Memo Pad: Ashton's New Jeans... Really, We Planned This All Along...

Ashton Kutcher is going back to his roots — and replacing Sienna Miller along the way.

As for advertising, publisher Hugh Wiley said a trade campaign will break in The Wall Street Journal on Monday, with a mix of old and new covers. He acknowledged the tough ad environment for many business titles, including Fortune, which was down 18.6 percent in ad pages for 2007 through September, from the prior-year period, according to Publishers Information Bureau. But after spending a few weeks in Detroit recently, he is confident the beleaguered Big Three U.S. automakers will increase their ad budgets by single-digit percentages, if not more, in Fortune next year. BMW North America, which got wind of the magazine's redesign, is greatly increasing its inside cover ads and Dell is moving its ads from inside the magazine to the back cover, over several issues. Wiley added a large telecommunications firm has also just signed a $5 million ad deal that includes print and online coverage. "Would you bet against us next year? I wouldn't," Serwer said. — Amy Wicks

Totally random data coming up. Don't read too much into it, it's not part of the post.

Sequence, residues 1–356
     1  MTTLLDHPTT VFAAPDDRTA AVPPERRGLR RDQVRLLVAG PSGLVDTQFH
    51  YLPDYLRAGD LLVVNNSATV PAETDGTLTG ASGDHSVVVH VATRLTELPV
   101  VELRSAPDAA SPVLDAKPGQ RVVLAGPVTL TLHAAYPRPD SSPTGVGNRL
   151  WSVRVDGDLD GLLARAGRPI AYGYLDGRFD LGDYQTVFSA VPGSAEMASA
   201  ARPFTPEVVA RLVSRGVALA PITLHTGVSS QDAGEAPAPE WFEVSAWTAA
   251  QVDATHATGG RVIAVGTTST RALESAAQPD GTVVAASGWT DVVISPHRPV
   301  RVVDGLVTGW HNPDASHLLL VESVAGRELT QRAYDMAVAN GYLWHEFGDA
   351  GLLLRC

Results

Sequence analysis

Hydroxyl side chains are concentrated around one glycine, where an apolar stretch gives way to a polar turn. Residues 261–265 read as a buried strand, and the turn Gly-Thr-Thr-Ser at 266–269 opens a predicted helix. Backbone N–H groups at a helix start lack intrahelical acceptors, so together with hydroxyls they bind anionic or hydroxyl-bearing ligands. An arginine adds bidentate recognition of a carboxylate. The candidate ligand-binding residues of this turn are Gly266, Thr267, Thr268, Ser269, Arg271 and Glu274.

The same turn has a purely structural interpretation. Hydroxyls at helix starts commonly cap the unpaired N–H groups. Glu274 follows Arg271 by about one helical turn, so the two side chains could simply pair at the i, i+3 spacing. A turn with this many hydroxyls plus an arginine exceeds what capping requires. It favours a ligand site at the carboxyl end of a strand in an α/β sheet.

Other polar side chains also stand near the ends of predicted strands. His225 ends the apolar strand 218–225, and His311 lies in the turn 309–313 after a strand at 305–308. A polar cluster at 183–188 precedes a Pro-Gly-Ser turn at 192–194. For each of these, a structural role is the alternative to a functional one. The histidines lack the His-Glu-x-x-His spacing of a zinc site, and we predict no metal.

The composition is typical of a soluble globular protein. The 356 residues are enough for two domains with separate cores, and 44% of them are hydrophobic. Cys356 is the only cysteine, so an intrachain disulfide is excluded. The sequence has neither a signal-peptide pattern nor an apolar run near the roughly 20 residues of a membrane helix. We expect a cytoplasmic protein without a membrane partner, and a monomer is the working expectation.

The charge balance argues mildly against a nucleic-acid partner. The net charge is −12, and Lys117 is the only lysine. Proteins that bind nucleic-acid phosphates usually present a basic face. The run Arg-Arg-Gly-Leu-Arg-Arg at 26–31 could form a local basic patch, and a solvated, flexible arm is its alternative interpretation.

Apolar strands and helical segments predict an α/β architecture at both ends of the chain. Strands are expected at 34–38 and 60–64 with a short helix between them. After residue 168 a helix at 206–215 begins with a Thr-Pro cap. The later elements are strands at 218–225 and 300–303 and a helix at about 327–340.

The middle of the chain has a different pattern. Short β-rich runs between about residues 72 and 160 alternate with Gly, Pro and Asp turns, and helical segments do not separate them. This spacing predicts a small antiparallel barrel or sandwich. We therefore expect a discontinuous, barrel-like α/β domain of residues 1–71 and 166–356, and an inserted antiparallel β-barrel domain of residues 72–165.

WE QUIT — FOR NOW: It looks like R.J. Reynolds Tobacco Co., home to the controversial Camel No. 9 ads that have run in several women's magazines, has decided to pull the plug on its print advertising next year. According to a report in the Winston-Salem Journal, the company will continue its cigarette marketing in other environments, such as direct mail and online. "This was a business decision, designed to enhance the effectiveness and efficiency of our marketing programs," Jan Smith, a spokeswoman for Reynolds, told the company's hometown paper. A spokeswoman for Reynolds did not return calls for comment.

A representative for Rep. Lois Capps (D., Calif.) said that, regardless of R.J. Reynolds' current decision, the Democratic congresswoman will continue to put pressure on women's magazines because the tobacco company could decide to add print advertising at some future point. "Another letter will probably be sent out [to editors] next week," said the spokeswoman. — A.W.

BETTER LATE THAN NEVER: The December issue of Vanity Fair contains an unusual editor's note: It expresses regret that a 1995 book by Carol Polsgrove on Esquire in the Sixties wasn't cited as a source in a Vanity Fair article by Frank DiGiacomo — which ran in January.
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